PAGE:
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ESRC Data Archive Bulletin:
Crime Statistics and Surveys in Northern Ireland



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Crime Statistics and Survey in Northern Ireland

Bill Lockhart
Centre for Independent Research and Analysis of Crime

Crime statistics in Northern Ireland are notable for several reasons. Firstly, contrary to the media image, the province suffers from very low levels of crime. According to both recorded crime figures and victim surveys Northern Ireland has one of the lowest levels of crime in Western Europe. For example, recorded crimes for 1990 showed that it had the lowest rate of recorded crime per 1,000 of the population compared with all 43 police constabulary areas in England and Wales. While the 1989 International Crime Survey (van Dijk, Mayhew and Killias, 1991) found that it had the lowest rates of victimisations for all the fourteen countries surveyed.

Secondly, although the overall crime rates are low it has a high rate of serious crime, such as homicide and robbery. These crimes are almost exclusively associated with terrorism and the "troubles". Similarly there is also believed to be a high level of racketeering, extortion and intimidation, again associated with terrorist groups, although the extent of these offenses are extremely difficult to quantify.

A third factor, in terms of the province's crime profile, is a highest rate of car theft, or more accurately Taking and Driving Away. This is particularly prominent in Belfast and has attracted much media attention. This is due to a number of very serious incidents where young drivers have been shot while driving through security force check points and also because of the brutal physical assaults handed out by terrorist groups to suspected offenders.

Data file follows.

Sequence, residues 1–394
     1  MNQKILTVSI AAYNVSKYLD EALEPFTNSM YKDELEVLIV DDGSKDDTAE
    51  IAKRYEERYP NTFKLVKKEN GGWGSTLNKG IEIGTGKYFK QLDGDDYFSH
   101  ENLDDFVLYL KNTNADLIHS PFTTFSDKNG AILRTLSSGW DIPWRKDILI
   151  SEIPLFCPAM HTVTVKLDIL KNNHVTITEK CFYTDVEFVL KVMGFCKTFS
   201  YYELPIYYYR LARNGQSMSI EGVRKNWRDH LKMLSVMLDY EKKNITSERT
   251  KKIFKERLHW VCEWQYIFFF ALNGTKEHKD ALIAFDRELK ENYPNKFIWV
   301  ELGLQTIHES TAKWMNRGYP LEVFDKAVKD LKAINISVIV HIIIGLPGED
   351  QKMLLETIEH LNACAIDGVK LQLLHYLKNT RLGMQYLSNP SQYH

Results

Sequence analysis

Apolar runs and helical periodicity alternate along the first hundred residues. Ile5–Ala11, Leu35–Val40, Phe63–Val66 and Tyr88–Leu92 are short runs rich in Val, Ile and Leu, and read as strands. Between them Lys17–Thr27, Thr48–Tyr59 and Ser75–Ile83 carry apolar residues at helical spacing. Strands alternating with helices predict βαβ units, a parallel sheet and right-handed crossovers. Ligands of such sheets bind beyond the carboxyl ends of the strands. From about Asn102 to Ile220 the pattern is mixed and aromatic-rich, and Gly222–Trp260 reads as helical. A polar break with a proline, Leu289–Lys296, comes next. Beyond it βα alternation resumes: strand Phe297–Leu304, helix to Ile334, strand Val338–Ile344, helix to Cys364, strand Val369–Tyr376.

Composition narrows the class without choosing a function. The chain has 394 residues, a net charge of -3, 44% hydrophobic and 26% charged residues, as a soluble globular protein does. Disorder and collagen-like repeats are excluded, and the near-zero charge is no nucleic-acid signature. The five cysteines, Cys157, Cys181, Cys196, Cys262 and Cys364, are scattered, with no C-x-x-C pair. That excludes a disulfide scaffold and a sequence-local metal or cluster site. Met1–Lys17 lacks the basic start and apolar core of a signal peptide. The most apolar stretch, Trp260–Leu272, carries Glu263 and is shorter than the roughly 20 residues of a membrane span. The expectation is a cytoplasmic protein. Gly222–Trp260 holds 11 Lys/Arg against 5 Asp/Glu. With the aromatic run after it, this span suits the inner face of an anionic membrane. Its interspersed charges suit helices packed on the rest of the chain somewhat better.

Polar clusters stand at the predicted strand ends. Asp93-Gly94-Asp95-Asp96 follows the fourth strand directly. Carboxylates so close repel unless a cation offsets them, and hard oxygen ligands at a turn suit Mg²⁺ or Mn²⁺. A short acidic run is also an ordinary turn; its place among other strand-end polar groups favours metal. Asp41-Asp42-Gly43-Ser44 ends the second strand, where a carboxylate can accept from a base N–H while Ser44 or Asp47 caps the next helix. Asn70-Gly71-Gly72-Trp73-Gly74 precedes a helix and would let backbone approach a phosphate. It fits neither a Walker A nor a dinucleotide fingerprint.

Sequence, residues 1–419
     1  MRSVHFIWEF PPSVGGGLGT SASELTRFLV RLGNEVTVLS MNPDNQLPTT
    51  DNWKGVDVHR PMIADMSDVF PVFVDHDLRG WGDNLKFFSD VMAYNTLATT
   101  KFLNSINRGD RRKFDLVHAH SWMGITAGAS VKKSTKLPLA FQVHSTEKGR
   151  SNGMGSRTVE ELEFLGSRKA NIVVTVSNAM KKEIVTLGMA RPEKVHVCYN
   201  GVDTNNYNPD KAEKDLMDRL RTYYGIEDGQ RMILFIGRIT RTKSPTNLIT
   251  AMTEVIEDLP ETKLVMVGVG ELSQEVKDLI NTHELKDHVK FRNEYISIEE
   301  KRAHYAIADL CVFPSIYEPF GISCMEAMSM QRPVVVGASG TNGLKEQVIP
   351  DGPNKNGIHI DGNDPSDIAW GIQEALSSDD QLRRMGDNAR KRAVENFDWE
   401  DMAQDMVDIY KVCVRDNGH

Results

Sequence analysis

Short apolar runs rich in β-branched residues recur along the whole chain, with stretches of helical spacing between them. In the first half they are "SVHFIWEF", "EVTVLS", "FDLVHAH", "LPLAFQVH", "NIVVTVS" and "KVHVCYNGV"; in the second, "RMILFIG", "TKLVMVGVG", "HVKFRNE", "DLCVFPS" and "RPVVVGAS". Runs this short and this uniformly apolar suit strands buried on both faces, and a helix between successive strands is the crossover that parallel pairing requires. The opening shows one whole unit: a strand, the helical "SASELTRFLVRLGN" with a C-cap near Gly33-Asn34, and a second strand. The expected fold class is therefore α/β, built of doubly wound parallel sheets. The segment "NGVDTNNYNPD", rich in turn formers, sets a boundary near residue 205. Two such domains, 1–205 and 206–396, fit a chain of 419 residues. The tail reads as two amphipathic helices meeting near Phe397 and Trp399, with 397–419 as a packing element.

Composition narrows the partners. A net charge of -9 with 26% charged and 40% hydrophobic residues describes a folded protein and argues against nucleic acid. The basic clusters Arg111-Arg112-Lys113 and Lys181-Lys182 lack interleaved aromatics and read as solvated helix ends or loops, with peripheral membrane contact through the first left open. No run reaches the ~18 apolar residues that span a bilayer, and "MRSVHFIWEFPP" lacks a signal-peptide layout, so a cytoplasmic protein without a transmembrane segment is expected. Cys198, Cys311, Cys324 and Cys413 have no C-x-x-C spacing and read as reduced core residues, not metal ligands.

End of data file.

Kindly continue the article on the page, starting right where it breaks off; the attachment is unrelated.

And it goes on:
Lack of Criminological Research

Given its location, demographics and political situation one would have expected Northern Ireland to be a conductive place for research purposes. However, criminological research is not well developed in the province. Neither of the two universities have much tradition in criminology; with few, if any, of the academic staff describing themselves as criminologists. There may be a number of reasons for this but, perhaps, the most prominent one is market forces. The Northern Ireland Office (Nb), until recently, had no specific research budget and even now it is tiny compared to that available to the Home Office Research and Planning Unit. Clearly without a government customer or sponsor for research the opportunities to develop a research programme are limited.

Obviously the paucity of criminological research in Northern Ireland is to be regretted. In a democracy it is important for such work to be undertaken. The operation of the criminal justice system requires empirical investigation and critical commentary from an independent standpoint.

In recent years the situation has begun to improve. The NIO now has a small budget with which to commission research. Access to information from government sources is becoming more open. There are stirrings of interest within the universities. CIRAC (Centre for Independent Research and Analysis of Crime) was established by the Extern Organisation in 1989 and now has a modest research programme underway. Clearly such developments are to be welcomed but there is still a long way to go.